Schefflera makes a wonderful tropical houseplant. They are attractive and easy to care for. They are also good indoor air purifiers.
Schefflera actinophylla is the “dwarf” sibling of the old-fashioned umbrella plant. Today, one variation of the giant Schefflera planted is named “Amate,” although “Dwarf Umbrella trees” have several kinds and can be found in practically any garden centre or nursery. Here are a number of common Dwarf Schefflera varieties:
Quick Growing Guide
Botanical Name: Schefflera Arboricola
Botanical Family: Araliaceae
Also Called: Dwarf schefflera, dwarf scheff, dwarf umbrella tree.
En français: Schefflera
Water: Wait until it’s soil dries out and then thoroughly soak
- Arboricola – regular green variety
- Renate Green variety that has more ripple to the leaves
- ‘Gold Capella’ variegated yellow or gold and green leaves
- ‘Trinette’ variegated cream and green leaves
- ‘Dazzle’ variegated some leaves almost completely creamy white
Others are being introduced and tested at the moment. Several new arboricola varieties are sure to be introduced within the next years.
Dwarf Umbrella Light Levels
The Schefflera arboricola can tolerate a broad range of light levels, but prefers higher light intensities. Their happy place is intense light levels between full sun and full shade.
If the branches and stems are left alone, they can stretch and grow “out of shape.” With little strategic trimming, you can easily maintain them formed.
Pruning the bushes makes them fuller, rounder, and thicker, with leaves 4 to 6 inches broad that resemble a “fingered umbrella.” The dwarf scheff is also cultivated in tree shapes, bonsai, and braided in the same way as Ficus trees are. When properly cared for, a Schefflera/Umbrella tree can live for years.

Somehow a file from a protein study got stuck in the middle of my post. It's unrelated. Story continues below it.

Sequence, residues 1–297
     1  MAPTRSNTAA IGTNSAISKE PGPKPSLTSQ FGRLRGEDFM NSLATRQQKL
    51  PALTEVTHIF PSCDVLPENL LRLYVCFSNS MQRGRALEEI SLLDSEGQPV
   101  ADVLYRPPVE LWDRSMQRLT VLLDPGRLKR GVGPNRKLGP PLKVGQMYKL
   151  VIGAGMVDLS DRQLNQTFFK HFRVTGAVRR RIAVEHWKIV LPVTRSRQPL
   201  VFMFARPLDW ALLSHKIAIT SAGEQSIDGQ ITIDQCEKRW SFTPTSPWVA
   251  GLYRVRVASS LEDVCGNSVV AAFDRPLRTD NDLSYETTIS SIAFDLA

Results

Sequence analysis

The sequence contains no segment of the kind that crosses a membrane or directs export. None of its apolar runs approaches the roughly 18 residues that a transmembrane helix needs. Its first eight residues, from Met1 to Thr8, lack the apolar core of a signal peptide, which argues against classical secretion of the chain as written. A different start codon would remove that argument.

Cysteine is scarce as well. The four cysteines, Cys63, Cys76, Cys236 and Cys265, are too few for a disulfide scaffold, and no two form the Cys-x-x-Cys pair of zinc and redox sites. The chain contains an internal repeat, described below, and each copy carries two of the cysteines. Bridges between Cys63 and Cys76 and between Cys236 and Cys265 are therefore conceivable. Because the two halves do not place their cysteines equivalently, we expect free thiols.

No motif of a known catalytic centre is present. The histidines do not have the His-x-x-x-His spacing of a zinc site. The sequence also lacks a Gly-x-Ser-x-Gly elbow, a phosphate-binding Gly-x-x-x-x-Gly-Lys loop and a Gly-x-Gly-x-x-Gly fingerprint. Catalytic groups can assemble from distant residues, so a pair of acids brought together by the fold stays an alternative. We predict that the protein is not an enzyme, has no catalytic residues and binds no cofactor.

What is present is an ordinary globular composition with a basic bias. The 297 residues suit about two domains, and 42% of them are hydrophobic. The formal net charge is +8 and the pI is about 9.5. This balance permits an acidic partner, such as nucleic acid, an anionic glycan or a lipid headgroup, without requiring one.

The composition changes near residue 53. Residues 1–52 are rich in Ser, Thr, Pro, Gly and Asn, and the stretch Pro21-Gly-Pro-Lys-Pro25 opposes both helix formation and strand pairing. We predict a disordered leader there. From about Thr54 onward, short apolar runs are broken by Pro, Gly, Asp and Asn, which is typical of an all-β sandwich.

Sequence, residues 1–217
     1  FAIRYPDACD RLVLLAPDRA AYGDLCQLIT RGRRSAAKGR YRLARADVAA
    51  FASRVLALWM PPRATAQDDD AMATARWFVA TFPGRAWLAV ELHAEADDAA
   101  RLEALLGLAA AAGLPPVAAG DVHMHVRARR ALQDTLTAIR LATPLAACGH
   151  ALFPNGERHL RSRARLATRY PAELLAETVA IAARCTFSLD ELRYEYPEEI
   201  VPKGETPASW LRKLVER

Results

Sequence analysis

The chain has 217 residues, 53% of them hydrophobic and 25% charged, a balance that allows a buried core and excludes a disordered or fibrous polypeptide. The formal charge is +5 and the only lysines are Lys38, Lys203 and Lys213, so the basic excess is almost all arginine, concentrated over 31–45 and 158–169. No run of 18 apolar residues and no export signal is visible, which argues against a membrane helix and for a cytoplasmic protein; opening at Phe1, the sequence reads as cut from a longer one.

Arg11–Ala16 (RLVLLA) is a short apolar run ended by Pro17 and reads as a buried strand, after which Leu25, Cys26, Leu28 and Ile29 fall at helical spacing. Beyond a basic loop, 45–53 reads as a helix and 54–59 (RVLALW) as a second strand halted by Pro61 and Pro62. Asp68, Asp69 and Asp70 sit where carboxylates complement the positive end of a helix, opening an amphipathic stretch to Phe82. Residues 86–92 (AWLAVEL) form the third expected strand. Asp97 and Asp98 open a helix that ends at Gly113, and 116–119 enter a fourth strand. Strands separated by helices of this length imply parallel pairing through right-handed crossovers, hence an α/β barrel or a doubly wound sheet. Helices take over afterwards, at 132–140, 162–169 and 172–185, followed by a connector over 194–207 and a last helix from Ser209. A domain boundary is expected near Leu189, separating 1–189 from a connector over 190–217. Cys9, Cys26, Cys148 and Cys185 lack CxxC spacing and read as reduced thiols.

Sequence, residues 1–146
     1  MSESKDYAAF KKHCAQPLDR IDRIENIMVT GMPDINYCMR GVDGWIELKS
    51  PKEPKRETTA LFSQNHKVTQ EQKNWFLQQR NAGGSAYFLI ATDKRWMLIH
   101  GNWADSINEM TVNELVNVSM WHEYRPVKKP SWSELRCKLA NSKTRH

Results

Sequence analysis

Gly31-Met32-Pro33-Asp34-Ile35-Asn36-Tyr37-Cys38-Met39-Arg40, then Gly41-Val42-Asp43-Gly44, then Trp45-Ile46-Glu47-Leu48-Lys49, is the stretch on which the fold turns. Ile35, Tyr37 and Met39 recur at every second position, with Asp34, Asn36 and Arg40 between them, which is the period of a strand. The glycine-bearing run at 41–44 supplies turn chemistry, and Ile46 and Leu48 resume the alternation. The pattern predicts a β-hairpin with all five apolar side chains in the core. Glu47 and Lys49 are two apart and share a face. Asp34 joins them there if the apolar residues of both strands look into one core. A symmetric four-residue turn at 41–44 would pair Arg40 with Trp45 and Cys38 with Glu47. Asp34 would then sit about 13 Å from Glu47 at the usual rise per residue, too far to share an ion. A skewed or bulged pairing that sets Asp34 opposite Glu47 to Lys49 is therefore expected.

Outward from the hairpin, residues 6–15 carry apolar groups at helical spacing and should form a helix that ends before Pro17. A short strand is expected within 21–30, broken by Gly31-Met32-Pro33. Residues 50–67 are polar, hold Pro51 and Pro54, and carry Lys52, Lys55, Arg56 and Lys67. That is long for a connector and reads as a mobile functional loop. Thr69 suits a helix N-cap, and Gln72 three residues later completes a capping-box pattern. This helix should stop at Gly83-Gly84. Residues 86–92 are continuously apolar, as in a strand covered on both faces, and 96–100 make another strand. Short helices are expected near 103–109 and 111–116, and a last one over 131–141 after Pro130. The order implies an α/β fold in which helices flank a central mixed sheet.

The dwarf Schefflera can withstand severe pruning and recover quickly. When necessary, don’t be scared to trim the plant. Here are detailed instructions.
Dwarf Umbrella Plant Roots & Water
These plants have a large root system and they do not like to sit in water. Avoid leaving the plant on the saucer after watering; it likes to be damp but not wet. If the leaves turn black and begin to fall off, this is an indication that the soil is remaining too damp or moist. On the other hand, if the leaf tips are excessively dry, they wrinkle.
When cultivated outside, they also seek water.
Clean Its Leaves Regularly
Spider mites are attracted to Scheff. Wipe the plant’s leaves with a moist towel on a regular basis, paying special attention to the undersides, where mites tend to congregate. Your local garden shop may recommend some “safe” prophylactic measures, such as “Safer Soap,” for your area.
Care Summary for Schefflera
Remember with your dwarf umbrella / schefflera care:
- Don’t keep the plant wet
- Place the plant in as bright an area as you can
- Watch out for mites
- Don’t be afraid to prune when needed
That’s a quick look at one of the most easy to find indoor plants today – the Umbrella plant or Schefflera Arboricola.
Schefflera Arboricola Propagation from Cuttings
Pick a strong stem from your Scheff. Cut about 6 to 8 inches of stem (about 15 to 20 cm) at a 45-degree angle. In a 6 to 8 inch (15 to 20cm) container, add new potting soil. Make a two-inch (5cm) deep hole using your finger or pencil. Dip the cut end of your stem in hormone powder and set it in the hole, carefully pressing the dirt down. Water thoroughly and place the pot in a well-lit but not direct sunlight location. Easy peasy!
You’re done! Keep an eye it as it grows.